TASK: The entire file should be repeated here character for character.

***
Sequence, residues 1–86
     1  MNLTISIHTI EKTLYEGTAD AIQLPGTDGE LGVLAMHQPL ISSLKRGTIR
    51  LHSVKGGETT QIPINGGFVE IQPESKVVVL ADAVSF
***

Sequence, residues 1–86
     1  MNLTISIHTI EKTLYEGTAD AIQLPGTDGE LGVLAMHQPL ISSLKRGTIR
    51  LHSVKGGETT QIPINGGFVE IQPESKVVVL ADAVSF